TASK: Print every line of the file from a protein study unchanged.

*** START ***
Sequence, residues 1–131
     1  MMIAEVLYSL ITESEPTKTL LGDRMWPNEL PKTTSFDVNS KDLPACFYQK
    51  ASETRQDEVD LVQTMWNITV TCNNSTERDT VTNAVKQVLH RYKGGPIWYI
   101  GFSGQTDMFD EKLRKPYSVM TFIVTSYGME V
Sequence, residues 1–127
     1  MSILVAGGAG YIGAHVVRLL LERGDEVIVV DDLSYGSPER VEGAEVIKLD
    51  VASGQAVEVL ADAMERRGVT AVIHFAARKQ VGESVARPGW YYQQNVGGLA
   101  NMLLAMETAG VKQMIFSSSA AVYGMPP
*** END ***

Sequence, residues 1–131
     1  MMIAEVLYSL ITESEPTKTL LGDRMWPNEL PKTTSFDVNS KDLPACFYQK
    51  ASETRQDEVD LVQTMWNITV TCNNSTERDT VTNAVKQVLH RYKGGPIWYI
   101  GFSGQTDMFD EKLRKPYSVM TFIVTSYGME V
Sequence, residues 1–127
     1  MSILVAGGAG YIGAHVVRLL LERGDEVIVV DDLSYGSPER VEGAEVIKLD
    51  VASGQAVEVL ADAMERRGVT AVIHFAARKQ VGESVARPGW YYQQNVGGLA
   101  NMLLAMETAG VKQMIFSSSA AVYGMPP